Reaction Time Method

In psychology, the reaction time method is the process of measuring the time between a stimulus received by a subject and the subject’s response.

Reaction time (RT; also referred to as “response time”) is measured by the time elapsed between stimulus onset and an individual’s response on elementary cognitive tasks (ECTs), which are relatively simple perceptual-motor tasks typically administered in a laboratory setting. A distinction is made between simple reaction time, in which a single stimulus corresponds to a single predetermined response, and complex reaction time, in which the subject must make a choice between several stimuli and, but not necessarily, several responses. This definition was adopted in 1871 by the Austrian physiologist S. Exner, and was one of the main topics of study in the early days of scientific psychology, mainly due to W. Wundt in Leipzig.

The first person interested in measuring reaction times was Franciscus Donders, who, between 1860 and 1867, while studying volunteers exposed to certain stimuli, discovered that different individuals responded at different rates to the same stimulus. This led him to conclude that an individual’s reaction time depended on the number of mental “steps” required to process the stimulus and produce the response. And so he hypothesized that although mental processes could not be observed directly, it was possible to get around the obstacle of reaction time and reconstruct them indirectly with some accuracy.

It was not until 1871 that the physiologist Siegmund Exner coined the term “reaction time,” which had previously been called “physiological time.

Donders relied on Hermann von Helmholtz’s experiments to measure the conduction velocity of nerve fibers. Based on this, he developed the so-called “subtractive method” to be used under three conditions. The first condition (a) contained a stimulus to which a response was to be given; the second condition (b) contained several stimuli, each of which corresponded to a different response; and finally, the third condition (c) contained several stimuli, but only one of them was to be responded to, while the others were not to be responded to by the subject. Donders could thus see that times a were the shortest of all, followed by times c, and the longest were times b.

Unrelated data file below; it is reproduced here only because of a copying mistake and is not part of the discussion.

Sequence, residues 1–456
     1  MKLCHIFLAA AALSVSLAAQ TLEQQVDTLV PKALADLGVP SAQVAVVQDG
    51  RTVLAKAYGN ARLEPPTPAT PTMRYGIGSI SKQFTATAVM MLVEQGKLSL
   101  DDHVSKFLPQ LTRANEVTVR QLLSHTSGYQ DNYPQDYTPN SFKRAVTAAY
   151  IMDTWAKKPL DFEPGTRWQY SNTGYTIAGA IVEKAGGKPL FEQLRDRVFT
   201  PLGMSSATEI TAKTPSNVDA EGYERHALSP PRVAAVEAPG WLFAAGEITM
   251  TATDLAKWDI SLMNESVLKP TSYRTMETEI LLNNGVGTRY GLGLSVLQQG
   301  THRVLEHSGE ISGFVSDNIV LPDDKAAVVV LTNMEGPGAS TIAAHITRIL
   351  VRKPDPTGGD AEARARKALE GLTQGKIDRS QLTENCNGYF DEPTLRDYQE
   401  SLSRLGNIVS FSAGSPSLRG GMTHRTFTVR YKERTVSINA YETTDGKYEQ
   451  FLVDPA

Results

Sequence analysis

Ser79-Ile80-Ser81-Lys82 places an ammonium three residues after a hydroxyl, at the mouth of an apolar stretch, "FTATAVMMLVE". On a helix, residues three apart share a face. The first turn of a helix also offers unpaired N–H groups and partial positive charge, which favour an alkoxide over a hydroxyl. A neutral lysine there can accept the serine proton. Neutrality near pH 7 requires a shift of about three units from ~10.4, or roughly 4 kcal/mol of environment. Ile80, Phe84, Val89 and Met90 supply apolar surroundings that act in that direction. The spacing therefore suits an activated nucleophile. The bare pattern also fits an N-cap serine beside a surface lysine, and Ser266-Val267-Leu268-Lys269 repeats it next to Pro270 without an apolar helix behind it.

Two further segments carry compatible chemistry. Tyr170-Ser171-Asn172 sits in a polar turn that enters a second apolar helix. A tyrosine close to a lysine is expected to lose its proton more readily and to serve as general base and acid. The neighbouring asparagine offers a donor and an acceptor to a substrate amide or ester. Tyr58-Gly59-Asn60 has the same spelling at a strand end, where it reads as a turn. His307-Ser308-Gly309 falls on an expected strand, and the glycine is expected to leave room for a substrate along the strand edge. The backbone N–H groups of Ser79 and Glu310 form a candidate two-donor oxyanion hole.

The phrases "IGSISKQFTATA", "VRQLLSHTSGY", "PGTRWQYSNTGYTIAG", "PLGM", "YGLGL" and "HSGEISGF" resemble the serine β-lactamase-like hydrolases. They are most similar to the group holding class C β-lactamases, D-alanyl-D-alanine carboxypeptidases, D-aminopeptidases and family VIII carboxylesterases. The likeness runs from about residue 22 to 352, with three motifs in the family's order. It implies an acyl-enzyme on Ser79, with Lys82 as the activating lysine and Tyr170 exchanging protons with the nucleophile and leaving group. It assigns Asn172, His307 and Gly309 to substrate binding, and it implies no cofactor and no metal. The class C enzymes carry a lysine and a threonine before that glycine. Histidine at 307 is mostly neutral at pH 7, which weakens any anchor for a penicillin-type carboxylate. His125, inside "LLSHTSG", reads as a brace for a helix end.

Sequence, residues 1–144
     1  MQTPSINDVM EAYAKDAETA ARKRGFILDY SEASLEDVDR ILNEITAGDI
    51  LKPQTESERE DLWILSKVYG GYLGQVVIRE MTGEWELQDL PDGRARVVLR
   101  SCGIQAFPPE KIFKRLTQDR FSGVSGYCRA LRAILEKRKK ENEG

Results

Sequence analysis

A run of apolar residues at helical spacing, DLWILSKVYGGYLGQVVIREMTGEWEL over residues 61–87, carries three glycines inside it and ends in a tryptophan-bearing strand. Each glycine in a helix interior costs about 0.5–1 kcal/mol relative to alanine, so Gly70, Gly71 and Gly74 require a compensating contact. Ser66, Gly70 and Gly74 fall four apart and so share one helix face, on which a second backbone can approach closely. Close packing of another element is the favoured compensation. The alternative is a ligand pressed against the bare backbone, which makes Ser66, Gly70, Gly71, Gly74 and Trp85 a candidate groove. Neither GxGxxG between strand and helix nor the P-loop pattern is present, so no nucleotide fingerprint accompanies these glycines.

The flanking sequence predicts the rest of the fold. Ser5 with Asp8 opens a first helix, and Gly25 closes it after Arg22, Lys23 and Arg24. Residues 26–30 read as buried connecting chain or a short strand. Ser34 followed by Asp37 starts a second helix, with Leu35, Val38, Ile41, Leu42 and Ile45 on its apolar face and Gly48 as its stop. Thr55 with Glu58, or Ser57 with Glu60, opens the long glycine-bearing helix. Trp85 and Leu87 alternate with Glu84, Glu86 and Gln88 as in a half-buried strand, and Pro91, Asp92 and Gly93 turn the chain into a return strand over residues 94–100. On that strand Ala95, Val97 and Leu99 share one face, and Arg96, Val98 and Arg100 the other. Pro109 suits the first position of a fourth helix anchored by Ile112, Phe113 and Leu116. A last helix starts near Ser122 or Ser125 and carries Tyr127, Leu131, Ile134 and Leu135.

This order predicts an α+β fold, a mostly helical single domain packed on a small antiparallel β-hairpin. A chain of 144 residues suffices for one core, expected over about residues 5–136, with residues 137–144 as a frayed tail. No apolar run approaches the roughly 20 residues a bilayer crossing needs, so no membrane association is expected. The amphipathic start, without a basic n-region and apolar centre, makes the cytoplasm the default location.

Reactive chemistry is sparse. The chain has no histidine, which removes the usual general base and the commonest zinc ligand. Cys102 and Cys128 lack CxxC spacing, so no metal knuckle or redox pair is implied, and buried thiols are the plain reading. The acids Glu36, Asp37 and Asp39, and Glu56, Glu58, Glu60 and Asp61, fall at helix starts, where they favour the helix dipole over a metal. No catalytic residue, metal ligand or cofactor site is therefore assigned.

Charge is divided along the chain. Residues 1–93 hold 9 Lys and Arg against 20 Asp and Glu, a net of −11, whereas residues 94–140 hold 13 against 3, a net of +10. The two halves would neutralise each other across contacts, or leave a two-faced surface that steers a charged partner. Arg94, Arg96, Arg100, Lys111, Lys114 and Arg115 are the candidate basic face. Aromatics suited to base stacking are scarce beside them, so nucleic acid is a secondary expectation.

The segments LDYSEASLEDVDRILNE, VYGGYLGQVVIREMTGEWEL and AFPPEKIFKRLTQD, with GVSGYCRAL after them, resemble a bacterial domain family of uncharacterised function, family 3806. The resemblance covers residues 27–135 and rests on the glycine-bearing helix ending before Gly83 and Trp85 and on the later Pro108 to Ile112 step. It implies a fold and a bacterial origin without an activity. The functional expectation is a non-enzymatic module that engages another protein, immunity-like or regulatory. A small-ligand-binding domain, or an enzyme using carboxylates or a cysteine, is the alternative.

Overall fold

Based on this, Donders defined the following subtractions:

  • c – a : discrimination between stimuli
  • b – c : discrimination between responses

These discrimination times corresponded to the purely psychological processes of choice to which a physical measurement index was associated.

Reaction time as a function of experimental conditions

The assumption that mental operations can be measured by the time it takes to perform them is considered fundamental to modern cognitive psychology. To understand how different brain systems acquire, process, and respond to stimuli, experimental psychologists often use reaction times as a dependent variable under different experimental conditions. This approach to the study of mental chronometry is typically aimed at testing theory-driven hypotheses that seek to explain observed relationships between measured RT and some experimentally manipulated variable of interest, often making precisely formulated mathematical predictions.

The distinction between this experimental approach and the use of chronometric tools to study individual differences is more conceptual than practical, and many modern researchers integrate tools, theories, and models from both areas to study psychological phenomena. Nevertheless, it is a useful organizing principle to distinguish the two fields in terms of their research questions and the purposes for which a number of chronometric tasks have been developed. The experimental approach of mental chronometry has been used to investigate a variety of cognitive systems and functions common to all humans, including memory, language processing and production, attention, and aspects of visual and auditory perception. The following is a brief overview of some of the well-known experimental tasks of mental chronometry.

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